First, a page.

Large winery proposal on Highway 12 to undergo full environmental review
A Napa County winemaker whose plans for a large-scale winery and distillery on Highway 12 between Sebastopol and Santa Rosa have sparked significant dispute since they were unveiled earlier this year has decided to subject the project to a full environmental impact report in hopes of addressing the public’s many questions and concerns.
Joe Wagner, a member of the Caymus Vineyards winemaking family, said it’s been clear for weeks that the breadth of opposition to his Dairyman project demanded greater effort on his part to demonstrate its potential for improving the site’s appearance and productivity without substantial environmental harm.
He said he confirmed his decision to engage in a full-scale independent environmental review for the project after meeting last week with 5th District Sonoma County Supervisor Efren Carrillo, who agreed it was the right approach.
“Obviously, it’s expensive and lengthy,” Wagner said Friday, “but it is something that allows the community the opportunity to join in and chime in and become part of the process.”
But it’s not clear additional study will assuage Wagner’s critics, some of whom are holding a community gathering Saturday in Jenner to discuss the larger winery backlash that organizer Shepherd Bliss said has coalesced around the Dairyman plan and other recent winery proposals.
“It is a stoppable project,” said Bliss, a Sebastopol farmer and longtime activist, “and we will stop it.”
Wagner has used pinot noir grapes grown on the former Medeiros Dairy site near Llano Road since 2003, adding them to premium wines bottled under his Belle Glos label.
He bought the full 68-acre property about two years ago and proposes converting existing buildings and constructing new ones for a winery and distillery capable of producing up to 500,000 cases of wine and 250,000 gallons of distilled spirits annually, as well as an administration building and hospitality center.
The Dairyman facility would host daily tours and wine tasting, as well as about 58 promotional events each year, some for as many as 600 people, according to an application submitted to the county planning department last winter.
Wagner submitted initial biological and traffic studies with his application for a county use permit in hopes of avoiding the kind of full environmental review to which he has now committed. The project would require a new left-turn lane from Highway 12 to accommodate additional traffic. Wagner said he also plans to build only on areas of the property that already were disturbed by the dairy operation so as to leave any tiger salamander habitat untouched.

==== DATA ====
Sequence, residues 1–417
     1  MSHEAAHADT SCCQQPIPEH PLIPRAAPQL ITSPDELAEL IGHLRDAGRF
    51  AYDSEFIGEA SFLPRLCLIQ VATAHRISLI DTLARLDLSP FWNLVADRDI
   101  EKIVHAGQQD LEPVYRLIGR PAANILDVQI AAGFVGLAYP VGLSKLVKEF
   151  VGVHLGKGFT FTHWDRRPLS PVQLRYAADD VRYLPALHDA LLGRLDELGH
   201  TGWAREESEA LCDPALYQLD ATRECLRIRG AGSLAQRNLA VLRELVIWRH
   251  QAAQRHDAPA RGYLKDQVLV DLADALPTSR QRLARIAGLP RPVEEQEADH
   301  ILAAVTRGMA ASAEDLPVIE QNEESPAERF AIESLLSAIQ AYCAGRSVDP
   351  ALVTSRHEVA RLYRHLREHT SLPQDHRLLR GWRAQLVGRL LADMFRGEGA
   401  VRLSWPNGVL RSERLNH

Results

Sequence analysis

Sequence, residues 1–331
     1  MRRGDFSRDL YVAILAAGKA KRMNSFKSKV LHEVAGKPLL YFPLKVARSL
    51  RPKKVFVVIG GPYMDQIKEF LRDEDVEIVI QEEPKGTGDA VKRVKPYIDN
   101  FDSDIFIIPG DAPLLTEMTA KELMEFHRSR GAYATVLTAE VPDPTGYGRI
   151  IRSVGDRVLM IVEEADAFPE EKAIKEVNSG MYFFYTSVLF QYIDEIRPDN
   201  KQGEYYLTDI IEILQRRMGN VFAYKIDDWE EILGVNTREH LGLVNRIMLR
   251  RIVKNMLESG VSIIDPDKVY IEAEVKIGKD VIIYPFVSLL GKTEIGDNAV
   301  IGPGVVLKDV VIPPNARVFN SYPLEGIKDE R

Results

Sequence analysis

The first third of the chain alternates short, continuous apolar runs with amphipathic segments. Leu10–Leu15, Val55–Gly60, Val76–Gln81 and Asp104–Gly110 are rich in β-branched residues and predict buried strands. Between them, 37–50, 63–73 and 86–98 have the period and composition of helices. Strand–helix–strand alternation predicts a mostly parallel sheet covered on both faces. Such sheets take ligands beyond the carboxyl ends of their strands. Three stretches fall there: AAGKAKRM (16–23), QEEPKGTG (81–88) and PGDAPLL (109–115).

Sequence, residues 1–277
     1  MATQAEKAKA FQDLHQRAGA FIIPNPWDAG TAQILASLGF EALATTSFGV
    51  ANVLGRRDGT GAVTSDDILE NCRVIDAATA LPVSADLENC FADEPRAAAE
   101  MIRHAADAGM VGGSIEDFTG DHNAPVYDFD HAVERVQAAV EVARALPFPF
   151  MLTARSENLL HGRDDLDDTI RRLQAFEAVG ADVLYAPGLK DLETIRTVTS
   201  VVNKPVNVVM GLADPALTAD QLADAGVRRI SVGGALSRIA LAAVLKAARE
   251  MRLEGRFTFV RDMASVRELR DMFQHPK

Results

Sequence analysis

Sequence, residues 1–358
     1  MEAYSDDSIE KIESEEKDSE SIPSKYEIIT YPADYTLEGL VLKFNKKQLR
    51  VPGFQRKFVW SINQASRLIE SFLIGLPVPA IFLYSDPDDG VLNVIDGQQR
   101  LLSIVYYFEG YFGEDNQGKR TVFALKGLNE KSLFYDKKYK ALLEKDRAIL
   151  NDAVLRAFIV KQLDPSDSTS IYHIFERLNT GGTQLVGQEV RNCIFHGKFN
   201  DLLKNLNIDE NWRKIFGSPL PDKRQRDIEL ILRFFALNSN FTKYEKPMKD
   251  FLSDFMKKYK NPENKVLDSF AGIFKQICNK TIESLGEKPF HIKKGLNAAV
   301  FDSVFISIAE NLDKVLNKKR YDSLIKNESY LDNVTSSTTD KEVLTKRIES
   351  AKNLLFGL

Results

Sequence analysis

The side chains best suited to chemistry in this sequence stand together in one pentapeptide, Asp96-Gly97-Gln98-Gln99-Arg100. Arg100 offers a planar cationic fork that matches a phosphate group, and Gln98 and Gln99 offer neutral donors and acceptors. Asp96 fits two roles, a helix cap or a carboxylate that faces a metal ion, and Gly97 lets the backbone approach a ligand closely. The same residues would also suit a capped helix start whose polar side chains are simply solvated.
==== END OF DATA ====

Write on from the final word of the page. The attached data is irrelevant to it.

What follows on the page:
But opposition to the proposal was immediate when it became public in late January, with opponents particularly citing the potential for increased noise and traffic on the already busy two-lane corridor between Sebastopol and Santa Rosa; plans for the winery entry drive to cross the popular Joe Rodota Trail; and concerns about the volume of water that would be needed for the facility, especially amid the state’s prolonged drought.
The Sebastopol City Council, though it has no jurisdiction over land-use decisions for the site, voted unanimously Feb. 3 to urge county decision-makers to reject the project. The signal came amid a clear shift in the local political climate that has intensified public scrutiny of - and opposition to - winery projects, which some critics say too often resemble event centers or industrial plants rather than agricultural sites.
The presumed toll on water supply should alone be enough to stop the project, Sebastopol Councilman John Eder said Friday. He called the winery “the wrong project in the wrong era in the wrong place.”
“It’s horrible timing,” Wagner conceded, citing what he called a burgeoning “anti-growth, anti-winery sort of mentality” in both Napa and Sonoma counties, much of it driven by concerns about water availability.
“Just looking at the scope of the project and also the community’s concerns, it’s better to go full bore and show everybody the good, the bad and the ugly, and make a plan to fix it if there’s something that needs to be addressed,” Wagner said.
He said the Sebastopol City Council vote alerted him early on to the headwinds facing his proposal, and got him thinking about a detailed environmental impact report as a means of addressing concerns.
County planner Traci Tesconi said she also had alerted Wagner to responses from Caltrans and an independent traffic engineer who reviewed his traffic analysis and raised issues that warranted additional study.
Wagner contacted Carrillo, who met with him last week and reinforced the need for a full review of the project, both because of its scope and the political realities.
Carrillo said it was clear full environmental review “was absolutely necessary,” but said Wagner needed no real persuading.
“It’s the right thing to do,” Carrillo said.
Wagner said he and his team would be meeting with county planning staff in May to discuss the scope of the upcoming analysis, which he said he expected would take up to 12 months and cost up to $500,000.
But he said the project ultimately would set a new benchmark for efficient use of resources and provide a new model for the wine industry to emulate.
“I’d like to have our chance to prove that to the public in a more civil manner than the approach that some have taken,” he said.
You can reach Staff Writer Mary Callahan at 521-5249 or firstname.lastname@example.org. On Twitter @MaryCallahanB.